When Huang Xingguo decided in early March 2014 to take a stand against his employer, the world’s largest retailer, Walmart, he helped initiate one of the most important labour disputes in recent Chinese history. It was probably the first time an enterprise trade union chairman had actively led and organized the membership in a sustained and determined campaign to get decent compensation.
Huang argued that Walmart had acted illegally in closing down its store in Changde, Hunan, and therefore should have to pay double the standard rate of compensation. Walmart refused and got backing from the local government and municipal trade union but Huang and the 143 mostly female employees remained defiant.
During the early stages of the dispute, Huang talked to CLB Director Han Dongfang about the background to the dispute, why he decided to take such a bold stance and the tactics used by the union and the workers to maintain solidarity.
Following the interview, Walmart did make an improved offer of an additional 3,000 yuan per worker and although some workers accepted it, several refused the offer and Huang has vowed to continue to support his colleagues right up until to the end.
Bankruptcy or retrenchment
The question at the heart of the dispute, Huang said, was what exactly prompted the closure announcement. "Under the Company Law and the Labour Law,” he said, “the only legal grounds would be that bankruptcy was imminent.” Asked to demonstrate that this was case, the company, which is closing stores elsewhere in China under a structural overhaul, did not provide supporting documentation. Huang and his union committee then argued that the closure was being undertaken for reasons of economic retrenchment. That being the case, said Huang:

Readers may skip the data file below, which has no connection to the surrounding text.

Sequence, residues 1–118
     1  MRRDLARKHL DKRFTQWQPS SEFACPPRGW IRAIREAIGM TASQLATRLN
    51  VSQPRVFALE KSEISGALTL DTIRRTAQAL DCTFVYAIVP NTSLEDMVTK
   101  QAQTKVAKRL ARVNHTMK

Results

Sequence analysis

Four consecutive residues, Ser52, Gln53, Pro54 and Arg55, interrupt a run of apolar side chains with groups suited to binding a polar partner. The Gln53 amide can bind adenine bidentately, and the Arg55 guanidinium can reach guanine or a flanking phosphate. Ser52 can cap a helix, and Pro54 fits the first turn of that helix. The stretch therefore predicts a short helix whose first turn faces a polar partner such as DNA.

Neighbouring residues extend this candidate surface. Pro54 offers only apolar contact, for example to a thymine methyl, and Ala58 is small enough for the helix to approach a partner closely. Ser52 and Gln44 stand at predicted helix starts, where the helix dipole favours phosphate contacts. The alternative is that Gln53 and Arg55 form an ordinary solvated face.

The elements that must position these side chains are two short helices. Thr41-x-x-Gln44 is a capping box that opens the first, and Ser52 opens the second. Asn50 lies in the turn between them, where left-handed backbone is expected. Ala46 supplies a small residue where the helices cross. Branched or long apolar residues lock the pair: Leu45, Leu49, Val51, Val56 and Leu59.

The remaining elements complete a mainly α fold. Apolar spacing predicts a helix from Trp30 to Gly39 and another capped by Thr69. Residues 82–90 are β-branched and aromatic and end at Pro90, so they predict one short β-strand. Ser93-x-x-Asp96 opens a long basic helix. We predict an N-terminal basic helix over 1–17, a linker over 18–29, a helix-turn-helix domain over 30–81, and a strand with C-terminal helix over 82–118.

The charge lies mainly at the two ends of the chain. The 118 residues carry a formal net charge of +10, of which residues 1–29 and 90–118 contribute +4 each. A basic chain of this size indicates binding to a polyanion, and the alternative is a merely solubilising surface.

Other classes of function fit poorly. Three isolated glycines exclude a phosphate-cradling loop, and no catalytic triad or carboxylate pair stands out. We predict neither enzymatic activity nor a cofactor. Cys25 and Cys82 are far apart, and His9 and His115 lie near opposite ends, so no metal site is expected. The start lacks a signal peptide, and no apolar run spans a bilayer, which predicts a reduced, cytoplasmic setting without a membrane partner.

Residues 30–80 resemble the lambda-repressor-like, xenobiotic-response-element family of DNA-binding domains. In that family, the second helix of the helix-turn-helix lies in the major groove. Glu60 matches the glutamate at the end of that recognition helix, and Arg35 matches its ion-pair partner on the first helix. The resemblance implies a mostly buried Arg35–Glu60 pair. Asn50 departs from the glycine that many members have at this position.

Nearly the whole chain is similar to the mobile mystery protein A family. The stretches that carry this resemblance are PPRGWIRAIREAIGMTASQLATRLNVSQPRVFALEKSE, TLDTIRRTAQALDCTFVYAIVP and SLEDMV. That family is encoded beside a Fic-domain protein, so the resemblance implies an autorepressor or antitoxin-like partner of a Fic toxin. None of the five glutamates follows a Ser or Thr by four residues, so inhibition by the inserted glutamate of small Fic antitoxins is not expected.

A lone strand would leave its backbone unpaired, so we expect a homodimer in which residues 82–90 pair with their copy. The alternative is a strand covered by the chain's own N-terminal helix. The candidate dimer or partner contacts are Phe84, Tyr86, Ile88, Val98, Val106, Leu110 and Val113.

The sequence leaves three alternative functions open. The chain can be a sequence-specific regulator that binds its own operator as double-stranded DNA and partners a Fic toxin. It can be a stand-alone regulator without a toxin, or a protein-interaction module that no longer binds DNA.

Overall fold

There are very clear provisions in our employment contract, echoing provisions in the Labour Law, regarding termination of contract... For such layoffs, a meeting of employees has to be convened 30 days in advance, directly or through the union, and the corporate layoff proposal must be studied and reported to the labour authorities. There is a legal process to observe.
However, Walmart made the announcement on 5 March and the closure was originally scheduled for the 19 March, less than two weeks later. This, Huang said, constituted illegal termination of workers’ employment contracts. Management had offered two options to staff: relocation to another Walmart store (the nearest was over 100 kilometres away) or what was considered a substandard severance package. The union demanded a doubling of offered compensation, under a formula that was abbreviated to 2xN+1, where N is number of years of service. But management refused to accept that it had acted illegally or that compensation should be doubled.
From the first, the union demonstrated remarkable solidarity. When the company indicated that it intended to clear valuable merchandise out of the store prior to its shuttering, employees organized round-the-clock pickets to ensure there was always somebody keeping watch in the sales areas, including three-person night shifts. Moves to clear the stock were blocked by the workers, leading to conflict with security officials: